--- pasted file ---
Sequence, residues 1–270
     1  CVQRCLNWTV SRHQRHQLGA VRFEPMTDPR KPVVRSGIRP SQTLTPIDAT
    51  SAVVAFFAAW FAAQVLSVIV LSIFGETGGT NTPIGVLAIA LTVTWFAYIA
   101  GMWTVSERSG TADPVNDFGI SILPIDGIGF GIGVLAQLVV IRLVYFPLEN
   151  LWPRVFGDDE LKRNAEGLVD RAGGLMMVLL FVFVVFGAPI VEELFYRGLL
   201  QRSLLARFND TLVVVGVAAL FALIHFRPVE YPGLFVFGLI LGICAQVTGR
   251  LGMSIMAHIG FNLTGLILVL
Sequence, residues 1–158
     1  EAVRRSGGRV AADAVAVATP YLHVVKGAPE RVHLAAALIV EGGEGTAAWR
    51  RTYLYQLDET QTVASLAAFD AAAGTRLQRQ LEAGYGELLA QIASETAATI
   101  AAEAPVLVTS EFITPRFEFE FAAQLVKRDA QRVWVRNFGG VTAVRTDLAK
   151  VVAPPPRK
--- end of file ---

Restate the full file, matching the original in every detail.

Sequence, residues 1–270
     1  CVQRCLNWTV SRHQRHQLGA VRFEPMTDPR KPVVRSGIRP SQTLTPIDAT
    51  SAVVAFFAAW FAAQVLSVIV LSIFGETGGT NTPIGVLAIA LTVTWFAYIA
   101  GMWTVSERSG TADPVNDFGI SILPIDGIGF GIGVLAQLVV IRLVYFPLEN
   151  LWPRVFGDDE LKRNAEGLVD RAGGLMMVLL FVFVVFGAPI VEELFYRGLL
   201  QRSLLARFND TLVVVGVAAL FALIHFRPVE YPGLFVFGLI LGICAQVTGR
   251  LGMSIMAHIG FNLTGLILVL
Sequence, residues 1–158
     1  EAVRRSGGRV AADAVAVATP YLHVVKGAPE RVHLAAALIV EGGEGTAAWR
    51  RTYLYQLDET QTVASLAAFD AAAGTRLQRQ LEAGYGELLA QIASETAATI
   101  AAEAPVLVTS EFITPRFEFE FAAQLVKRDA QRVWVRNFGG VTAVRTDLAK
   151  VVAPPPRK